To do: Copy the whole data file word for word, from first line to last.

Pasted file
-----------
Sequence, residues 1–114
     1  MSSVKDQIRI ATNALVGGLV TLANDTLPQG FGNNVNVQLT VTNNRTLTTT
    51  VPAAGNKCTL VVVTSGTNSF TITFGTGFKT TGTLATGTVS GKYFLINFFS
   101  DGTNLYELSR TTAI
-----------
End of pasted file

Sequence, residues 1–114
     1  MSSVKDQIRI ATNALVGGLV TLANDTLPQG FGNNVNVQLT VTNNRTLTTT
    51  VPAAGNKCTL VVVTSGTNSF TITFGTGFKT TGTLATGTVS GKYFLINFFS
   101  DGTNLYELSR TTAI